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Steinbrenner shortchanged once again

There are a lot of things money can't buy.

Can't buy me love, according to the Beatles.

Can't buy peace of mind, or so we're told.

Can't buy happiness, or so we're consoled.

Oh, and it can't buy a World Series championship.

The New York Yankees — "The Best Team Money Can Buy" — have tried and failed to buy a title. For the fourth straight year, they're not going to the World Series.

And aren't you happy about that?

The rich can buy almost everything they want in this world, but at least not that.

Cost of one long-haired outfielder pilfered from the archrival Red Sox: $13 million a year.

Cost of a future Hall of Fame pitcher for a half-season of work and six victories in 12 decisions: $18 million.

Cost of a synthetically built designated hitter with an admitted steroid history: $23 million.

Cost of an All-Star shortstop: $21 million.

Cost of an All-Star third baseman who disappears in the postseason: $23 million this year, $252 million total.

Cost to field one baseball team in the Big Apple for one year: $220 million

Cost of a World Series championship: Priceless.

The results of The Great Experiment are in. The experiment, of course, was this: Can you spend unlimited amounts of cash to buy the best players in the world — from Japan to Boston — and win a championship?

The Yankees have had baseball's biggest payroll for years, and it isn't even close. This season's payroll has been estimated from $200 million to $220 million — or about double the payroll of 23 of baseball's other 29 teams.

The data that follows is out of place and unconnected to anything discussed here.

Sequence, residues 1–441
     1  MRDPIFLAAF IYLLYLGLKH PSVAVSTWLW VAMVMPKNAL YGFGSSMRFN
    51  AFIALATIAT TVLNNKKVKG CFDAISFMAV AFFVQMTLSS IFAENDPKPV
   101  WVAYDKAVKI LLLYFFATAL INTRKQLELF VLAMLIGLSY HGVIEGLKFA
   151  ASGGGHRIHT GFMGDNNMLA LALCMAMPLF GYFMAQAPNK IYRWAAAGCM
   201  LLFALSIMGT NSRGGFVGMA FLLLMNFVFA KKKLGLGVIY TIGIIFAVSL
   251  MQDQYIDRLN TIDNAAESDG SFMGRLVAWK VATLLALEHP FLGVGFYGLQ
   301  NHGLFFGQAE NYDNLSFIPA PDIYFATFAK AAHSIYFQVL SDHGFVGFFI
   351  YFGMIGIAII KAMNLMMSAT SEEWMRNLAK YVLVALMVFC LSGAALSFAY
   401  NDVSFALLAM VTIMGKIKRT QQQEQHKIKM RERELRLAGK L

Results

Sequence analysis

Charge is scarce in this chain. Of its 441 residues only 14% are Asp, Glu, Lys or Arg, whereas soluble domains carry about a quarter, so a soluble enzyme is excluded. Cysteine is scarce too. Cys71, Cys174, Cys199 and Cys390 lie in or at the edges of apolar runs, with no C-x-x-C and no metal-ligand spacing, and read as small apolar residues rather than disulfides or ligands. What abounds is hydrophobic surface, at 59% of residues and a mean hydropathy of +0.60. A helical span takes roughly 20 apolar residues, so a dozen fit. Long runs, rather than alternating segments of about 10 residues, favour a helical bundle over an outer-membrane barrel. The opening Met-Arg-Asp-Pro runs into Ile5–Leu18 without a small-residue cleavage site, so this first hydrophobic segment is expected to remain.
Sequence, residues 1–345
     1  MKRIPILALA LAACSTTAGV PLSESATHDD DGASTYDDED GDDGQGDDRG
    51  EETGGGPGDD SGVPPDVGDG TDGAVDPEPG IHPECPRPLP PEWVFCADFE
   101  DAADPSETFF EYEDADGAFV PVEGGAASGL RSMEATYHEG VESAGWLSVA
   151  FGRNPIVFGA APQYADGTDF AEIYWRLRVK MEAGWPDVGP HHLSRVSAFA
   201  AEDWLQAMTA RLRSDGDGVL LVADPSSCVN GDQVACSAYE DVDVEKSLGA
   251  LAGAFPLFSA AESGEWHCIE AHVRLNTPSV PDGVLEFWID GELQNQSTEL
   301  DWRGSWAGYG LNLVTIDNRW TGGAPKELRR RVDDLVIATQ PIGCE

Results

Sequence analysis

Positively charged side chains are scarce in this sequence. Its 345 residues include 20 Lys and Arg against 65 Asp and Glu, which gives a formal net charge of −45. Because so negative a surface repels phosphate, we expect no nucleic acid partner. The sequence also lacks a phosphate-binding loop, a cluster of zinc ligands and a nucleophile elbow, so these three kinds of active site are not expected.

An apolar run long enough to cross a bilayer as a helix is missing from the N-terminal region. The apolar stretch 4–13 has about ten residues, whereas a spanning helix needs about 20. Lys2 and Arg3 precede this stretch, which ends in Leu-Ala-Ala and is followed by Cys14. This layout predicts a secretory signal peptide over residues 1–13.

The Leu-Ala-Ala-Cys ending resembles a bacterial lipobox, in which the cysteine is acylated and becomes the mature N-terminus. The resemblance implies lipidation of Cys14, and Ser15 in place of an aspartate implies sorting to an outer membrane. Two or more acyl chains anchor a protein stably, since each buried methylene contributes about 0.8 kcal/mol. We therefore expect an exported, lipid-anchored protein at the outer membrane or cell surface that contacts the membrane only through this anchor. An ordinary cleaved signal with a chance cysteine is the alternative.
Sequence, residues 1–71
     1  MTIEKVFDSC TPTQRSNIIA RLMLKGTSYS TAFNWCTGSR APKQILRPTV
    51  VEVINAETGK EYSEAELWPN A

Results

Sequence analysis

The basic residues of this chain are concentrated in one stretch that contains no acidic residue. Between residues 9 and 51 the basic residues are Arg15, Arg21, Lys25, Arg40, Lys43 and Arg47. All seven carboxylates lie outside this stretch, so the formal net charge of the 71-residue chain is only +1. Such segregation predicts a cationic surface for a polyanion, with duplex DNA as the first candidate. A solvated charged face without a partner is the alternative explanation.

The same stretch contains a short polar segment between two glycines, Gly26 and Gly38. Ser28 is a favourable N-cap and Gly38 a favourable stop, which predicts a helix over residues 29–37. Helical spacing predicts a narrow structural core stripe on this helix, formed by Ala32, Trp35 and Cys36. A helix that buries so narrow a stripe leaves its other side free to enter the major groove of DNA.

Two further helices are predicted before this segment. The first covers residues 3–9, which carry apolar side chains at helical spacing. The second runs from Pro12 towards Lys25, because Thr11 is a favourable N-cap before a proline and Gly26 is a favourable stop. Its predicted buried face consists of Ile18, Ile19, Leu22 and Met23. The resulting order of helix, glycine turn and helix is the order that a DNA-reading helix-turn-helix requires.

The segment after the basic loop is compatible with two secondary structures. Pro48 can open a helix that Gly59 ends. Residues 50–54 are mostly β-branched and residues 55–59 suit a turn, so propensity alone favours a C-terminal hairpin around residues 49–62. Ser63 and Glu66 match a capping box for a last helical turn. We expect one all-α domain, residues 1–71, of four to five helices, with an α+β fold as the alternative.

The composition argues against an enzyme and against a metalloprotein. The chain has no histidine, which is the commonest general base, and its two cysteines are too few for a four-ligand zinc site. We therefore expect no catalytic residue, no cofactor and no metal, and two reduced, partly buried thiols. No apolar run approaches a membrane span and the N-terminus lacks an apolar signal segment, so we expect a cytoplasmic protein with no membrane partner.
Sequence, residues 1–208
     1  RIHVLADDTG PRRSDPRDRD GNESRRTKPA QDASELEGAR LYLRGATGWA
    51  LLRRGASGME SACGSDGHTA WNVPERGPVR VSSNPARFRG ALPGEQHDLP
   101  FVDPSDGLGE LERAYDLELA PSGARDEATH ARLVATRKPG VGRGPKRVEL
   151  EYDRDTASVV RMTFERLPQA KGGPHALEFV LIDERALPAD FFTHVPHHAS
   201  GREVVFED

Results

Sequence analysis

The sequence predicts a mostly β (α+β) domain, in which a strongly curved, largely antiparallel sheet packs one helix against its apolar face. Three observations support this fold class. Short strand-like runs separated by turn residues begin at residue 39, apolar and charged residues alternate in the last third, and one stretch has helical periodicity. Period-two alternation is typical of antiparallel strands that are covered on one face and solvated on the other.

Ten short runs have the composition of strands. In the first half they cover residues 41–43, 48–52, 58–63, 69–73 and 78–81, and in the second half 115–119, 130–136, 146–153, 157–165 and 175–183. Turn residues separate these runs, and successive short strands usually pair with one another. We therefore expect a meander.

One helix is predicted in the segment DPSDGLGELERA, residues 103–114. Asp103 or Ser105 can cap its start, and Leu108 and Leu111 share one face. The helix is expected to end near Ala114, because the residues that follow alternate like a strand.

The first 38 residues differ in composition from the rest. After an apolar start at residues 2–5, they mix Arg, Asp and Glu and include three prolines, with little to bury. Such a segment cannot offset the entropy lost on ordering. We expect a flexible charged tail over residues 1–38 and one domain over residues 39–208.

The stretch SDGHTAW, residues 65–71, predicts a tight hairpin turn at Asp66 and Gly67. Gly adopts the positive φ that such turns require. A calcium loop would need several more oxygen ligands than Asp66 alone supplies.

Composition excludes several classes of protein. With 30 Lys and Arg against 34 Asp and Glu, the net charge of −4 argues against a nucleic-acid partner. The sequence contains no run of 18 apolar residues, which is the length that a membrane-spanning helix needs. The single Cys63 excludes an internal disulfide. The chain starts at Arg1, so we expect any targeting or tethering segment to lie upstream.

Since the 2000 season, they have spent about $1.3 billion on player salaries and haven't won a World Series. They have been eliminated in the first round of the playoffs for three straight seasons.

Meanwhile, the Rockies, who spent about $54 million on player salaries this season, according to USA Today, are going to the World Series, for about a quarter of the price. The Indians ($62 million) and Red Sox ($143 million) are the other remaining contenders.

In some ways, the results of this experiment don't make sense. How do the Yankees field the greatest collection of players in the game for the last seven years — Johnny Damon, Derek Jeter, Alex Rodriguez, Roger Clemens, Jason Giambi, Gary Sheffield, Andy Pettitte, Kenny Lofton, Hideki Matsui, Mariano Rivera, Randy Johnson, Mike Mussina, Bernie Williams, Orlando Hernandez — and fail to win a World Series?

It should be simple. All Joe Torre has to do is roll out the ball bag and tell the boys what time to show up for practice.

Apparently, there is more to it than that. The intangibles are more important than we thought. Things like esprit de corps, team chemistry, camaraderie, hard work, dedication, determination — all those old-fashioned values.

Where would sports be if anyone with money to spare could win a title simply by outspending everyone else, by luring other teams' stars to their team with their cash?

Where would sports be if there was such a formula for Instant Championship Team — just add money, stir and, presto, break out the champagne.

For a time, that seemed to be the case. The Yankees won four of five world championships from 1996-2000, but they haven't won since. Each year the Yankees' payroll was almost double that of the team that won the title, hovering around $200 million the last few years.

The last six World Series have been won by the Diamondbacks ($86 million), Angels ($62 million), Marlins ($49 million), Red Sox ($127 million), White Sox ($75 million) and Cardinals ($89 million).

The New York Knicks have tried to do the same thing in the NBA — their league-leading $117 million payroll last season was almost double the payroll of the Utah Jazz. The Jazz advanced to the Western Conference Finals; the Knicks didn't make the playoffs.

At least for now, it takes a lot more than a wealthy owner to win a team championship.